Faculty Spotlight: Dr. Jason Zucker
Overcoming Obstacles to Sexual Health Prevention in Adolescents
Let’s get to know Dr. Jason Zucker! He is an Adult and Pediatric Infectious Disease physician and an Assistant Professor of Medicine in the Division of Infectious Diseases at Columbia University Irving Medical Center. Dr. Zucker focuses on sexual health for the adolescent community, both clinically and in research. His main goal is increasing availability of HIV and STI testing, treatment, and prevention services for anyone who may be vulnerable to infection.
In an interview with Dr. Zucker, he discussed how the adolescent community has the highest rate of HIV and STIs. Specifically, he says that “young adults are more likely to be single and more likely to be non-monogamous because that's the phase of the life they're in. That may be why STIs are highest in those 15 to 24 years of age, and intervening [in] that age group can have the highest impact on reducing sexually transmitted infections”. Because these rates are so high, he discusses the importance of PrEP, which is a medication that prevents HIV infection.
STIs are biomarkers for future HIV acquisition and everyone with a positive STI test should have routine [HIV] testing. HIV testing helps people with HIV by helping them know their diagnosis and allowing for linkage to care and starting on medication so they can stay healthy. However people testing negative for HIV can also be offered medication, PrEP, that can prevent HIV, which is amazing!
Despite the urgent need for HIV prevention awareness, many communities do not have access to these medications or to testing. Many adolescents go to the emergency room to seek treatments, but because of the busy atmosphere, they don’t always get the most information to fit their needs. Emergency Room (ER) physicians are often so busy that they can’t fully educate patients on STI and HIV treatments. This is where Dr. Zucker’s study comes into play! Along with Dr. Lauren Chernick, pediatric emergency medicine physician, and Co-PI of the study, they came up with the idea of STIckER, which stands for STI Check in the ER.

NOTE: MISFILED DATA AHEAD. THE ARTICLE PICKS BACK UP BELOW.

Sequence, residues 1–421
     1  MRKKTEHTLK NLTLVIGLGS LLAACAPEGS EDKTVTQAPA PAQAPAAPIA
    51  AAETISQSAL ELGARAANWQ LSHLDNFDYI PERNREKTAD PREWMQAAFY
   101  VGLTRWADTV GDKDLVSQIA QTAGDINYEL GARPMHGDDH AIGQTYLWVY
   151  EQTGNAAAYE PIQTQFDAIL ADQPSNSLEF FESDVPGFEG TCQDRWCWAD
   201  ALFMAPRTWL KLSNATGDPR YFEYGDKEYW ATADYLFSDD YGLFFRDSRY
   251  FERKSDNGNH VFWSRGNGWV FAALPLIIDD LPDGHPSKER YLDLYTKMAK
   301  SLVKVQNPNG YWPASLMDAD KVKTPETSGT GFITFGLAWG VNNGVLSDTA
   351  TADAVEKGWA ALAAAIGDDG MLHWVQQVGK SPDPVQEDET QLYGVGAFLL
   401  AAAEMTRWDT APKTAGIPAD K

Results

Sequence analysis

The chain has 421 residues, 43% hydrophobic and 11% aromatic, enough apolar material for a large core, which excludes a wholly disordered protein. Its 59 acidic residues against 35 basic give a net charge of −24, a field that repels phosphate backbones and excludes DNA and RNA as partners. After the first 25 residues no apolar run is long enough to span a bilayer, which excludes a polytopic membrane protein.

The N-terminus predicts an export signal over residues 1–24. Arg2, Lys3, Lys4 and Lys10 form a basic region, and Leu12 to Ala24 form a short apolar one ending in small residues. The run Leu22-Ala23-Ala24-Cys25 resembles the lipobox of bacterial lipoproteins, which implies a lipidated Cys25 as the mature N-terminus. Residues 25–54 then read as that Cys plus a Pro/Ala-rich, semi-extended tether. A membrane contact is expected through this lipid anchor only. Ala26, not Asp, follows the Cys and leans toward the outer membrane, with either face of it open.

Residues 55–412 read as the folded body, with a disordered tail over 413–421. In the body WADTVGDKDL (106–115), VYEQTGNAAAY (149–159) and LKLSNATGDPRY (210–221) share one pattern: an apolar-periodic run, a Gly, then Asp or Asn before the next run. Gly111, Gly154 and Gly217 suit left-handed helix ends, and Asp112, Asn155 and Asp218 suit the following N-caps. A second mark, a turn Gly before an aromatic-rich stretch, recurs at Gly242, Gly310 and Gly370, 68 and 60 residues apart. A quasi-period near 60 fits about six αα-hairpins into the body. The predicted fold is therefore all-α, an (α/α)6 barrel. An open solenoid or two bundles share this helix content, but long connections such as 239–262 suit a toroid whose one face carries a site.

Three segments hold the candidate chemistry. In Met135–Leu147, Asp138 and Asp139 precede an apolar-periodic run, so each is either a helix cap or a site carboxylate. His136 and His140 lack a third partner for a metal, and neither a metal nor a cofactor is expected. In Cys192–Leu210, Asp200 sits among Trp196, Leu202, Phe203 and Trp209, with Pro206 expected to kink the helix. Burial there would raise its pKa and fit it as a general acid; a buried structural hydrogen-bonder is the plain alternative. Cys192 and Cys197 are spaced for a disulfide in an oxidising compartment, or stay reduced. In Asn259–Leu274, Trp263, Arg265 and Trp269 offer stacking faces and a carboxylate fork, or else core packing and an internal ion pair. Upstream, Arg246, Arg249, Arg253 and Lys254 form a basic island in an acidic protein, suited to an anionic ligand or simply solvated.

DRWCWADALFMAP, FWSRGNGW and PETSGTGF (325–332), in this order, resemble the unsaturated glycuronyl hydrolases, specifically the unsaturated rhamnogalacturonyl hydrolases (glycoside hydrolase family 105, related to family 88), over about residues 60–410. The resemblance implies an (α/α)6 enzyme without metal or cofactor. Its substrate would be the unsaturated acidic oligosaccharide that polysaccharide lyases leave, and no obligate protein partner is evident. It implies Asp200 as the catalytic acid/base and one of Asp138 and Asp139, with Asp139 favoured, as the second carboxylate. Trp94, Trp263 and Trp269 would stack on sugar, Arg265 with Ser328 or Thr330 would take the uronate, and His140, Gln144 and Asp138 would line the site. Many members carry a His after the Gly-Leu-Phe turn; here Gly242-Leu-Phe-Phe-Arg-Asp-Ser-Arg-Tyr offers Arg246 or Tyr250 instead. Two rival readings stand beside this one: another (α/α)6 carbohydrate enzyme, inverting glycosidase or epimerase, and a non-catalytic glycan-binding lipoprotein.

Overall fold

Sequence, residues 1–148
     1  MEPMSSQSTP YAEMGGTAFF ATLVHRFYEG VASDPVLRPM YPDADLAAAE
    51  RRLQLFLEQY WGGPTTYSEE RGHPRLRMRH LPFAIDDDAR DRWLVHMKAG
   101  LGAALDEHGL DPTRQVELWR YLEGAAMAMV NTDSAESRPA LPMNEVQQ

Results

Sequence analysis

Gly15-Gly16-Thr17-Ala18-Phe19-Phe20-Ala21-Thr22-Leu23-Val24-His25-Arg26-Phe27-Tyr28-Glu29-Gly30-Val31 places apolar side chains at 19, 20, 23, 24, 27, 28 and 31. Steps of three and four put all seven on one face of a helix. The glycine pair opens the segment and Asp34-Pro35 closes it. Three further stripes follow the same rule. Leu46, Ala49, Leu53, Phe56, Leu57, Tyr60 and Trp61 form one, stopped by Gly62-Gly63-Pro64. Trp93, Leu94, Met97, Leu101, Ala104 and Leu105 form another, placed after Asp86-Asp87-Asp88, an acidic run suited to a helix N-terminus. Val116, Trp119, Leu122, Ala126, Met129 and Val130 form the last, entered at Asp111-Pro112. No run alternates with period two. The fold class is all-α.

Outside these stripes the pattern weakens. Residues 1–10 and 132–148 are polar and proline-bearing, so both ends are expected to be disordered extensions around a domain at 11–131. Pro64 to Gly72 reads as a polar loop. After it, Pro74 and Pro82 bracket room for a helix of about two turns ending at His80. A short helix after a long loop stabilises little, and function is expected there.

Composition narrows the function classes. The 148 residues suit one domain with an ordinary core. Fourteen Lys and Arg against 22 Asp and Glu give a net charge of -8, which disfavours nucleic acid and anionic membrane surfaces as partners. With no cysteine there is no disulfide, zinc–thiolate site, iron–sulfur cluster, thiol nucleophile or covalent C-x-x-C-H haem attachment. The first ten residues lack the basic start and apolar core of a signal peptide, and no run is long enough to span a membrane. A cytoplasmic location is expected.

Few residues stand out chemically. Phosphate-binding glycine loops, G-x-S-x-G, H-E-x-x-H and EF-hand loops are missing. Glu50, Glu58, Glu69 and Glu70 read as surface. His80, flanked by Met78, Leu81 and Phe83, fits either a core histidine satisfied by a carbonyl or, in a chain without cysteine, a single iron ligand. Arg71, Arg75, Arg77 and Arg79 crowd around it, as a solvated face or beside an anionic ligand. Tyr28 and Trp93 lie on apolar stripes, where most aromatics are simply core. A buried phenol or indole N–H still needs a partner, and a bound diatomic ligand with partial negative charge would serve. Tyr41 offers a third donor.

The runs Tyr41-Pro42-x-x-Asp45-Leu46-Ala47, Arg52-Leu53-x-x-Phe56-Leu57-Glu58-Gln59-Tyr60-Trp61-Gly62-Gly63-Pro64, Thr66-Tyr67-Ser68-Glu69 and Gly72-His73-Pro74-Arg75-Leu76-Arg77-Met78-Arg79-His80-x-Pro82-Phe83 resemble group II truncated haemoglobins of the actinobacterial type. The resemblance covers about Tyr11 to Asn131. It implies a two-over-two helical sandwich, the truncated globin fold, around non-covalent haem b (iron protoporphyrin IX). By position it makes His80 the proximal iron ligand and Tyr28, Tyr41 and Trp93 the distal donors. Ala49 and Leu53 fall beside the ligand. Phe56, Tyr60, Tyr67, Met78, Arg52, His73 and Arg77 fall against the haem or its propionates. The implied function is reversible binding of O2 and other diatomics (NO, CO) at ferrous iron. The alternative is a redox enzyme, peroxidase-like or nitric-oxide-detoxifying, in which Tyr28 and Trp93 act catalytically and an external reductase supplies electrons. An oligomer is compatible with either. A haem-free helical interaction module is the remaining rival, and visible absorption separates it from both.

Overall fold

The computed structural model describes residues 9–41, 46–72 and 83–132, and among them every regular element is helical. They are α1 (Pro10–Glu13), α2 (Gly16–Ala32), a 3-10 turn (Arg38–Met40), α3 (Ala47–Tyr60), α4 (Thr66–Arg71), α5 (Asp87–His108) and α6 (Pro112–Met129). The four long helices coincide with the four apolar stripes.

Patients who are sitting in the waiting room [will] complete this app, which will help them learn about [testing for] sexually transmitted infections, including extra-genital testing [e.g. testing of the throat], which many young people don't know about. We're going to assess their vulnerability to STIs by asking them some questions and using a 'risk score' to see what their need is for testing at that particular visit. And then we're going to offer them STI testing for which they can choose to accept it or not accept. It's up to them. But if they accept, then all they have to do is show the final screen to the ER provider and then they can order the labs. So we've really taken some of the pressure away from the ER provider, including the time of going through the education and testing with them, to make their job easier.
This program makes education and testing more accessible to young adults. They are given information that ER providers may not have the time to explain, which not only helps the patients, but also the providers. Also, this provides another way to get the message out, as people aren’t always educated by their parents or in school. Dr. Zucker believes that more options of STI education will spread awareness.
The more ways to get the message out, the better. And so I think it's really incumbent on us to give a lot of different ways for people to get the information so that they can receive it in the way that's best for them.
Overall, Dr. Zucker hopes that this project will improve sexual health in adolescent communities and lower the rates of HIV and STIs. He also wants to spread this platform to more healthcare settings, such as clinics. He says,
Our long term goal would be to find ways for people to use this [...] in other settings, like outpatient clinics and other settings where they might benefit from STI screening. This is just the pilot. So while right now it’s just designed for one time use in the ER we are hopeful that if it demonstrates an improvement in testing and we are able to successfully identify people with STIs [and] be able to expand what STIckER can do.
This is just the beginning of improving sexual health in adolescents! In addition to Dr. Zucker, many others in the Infectious Disease Department at Columbia are working on research in this field, and we’re excited to see what knowledge they discover!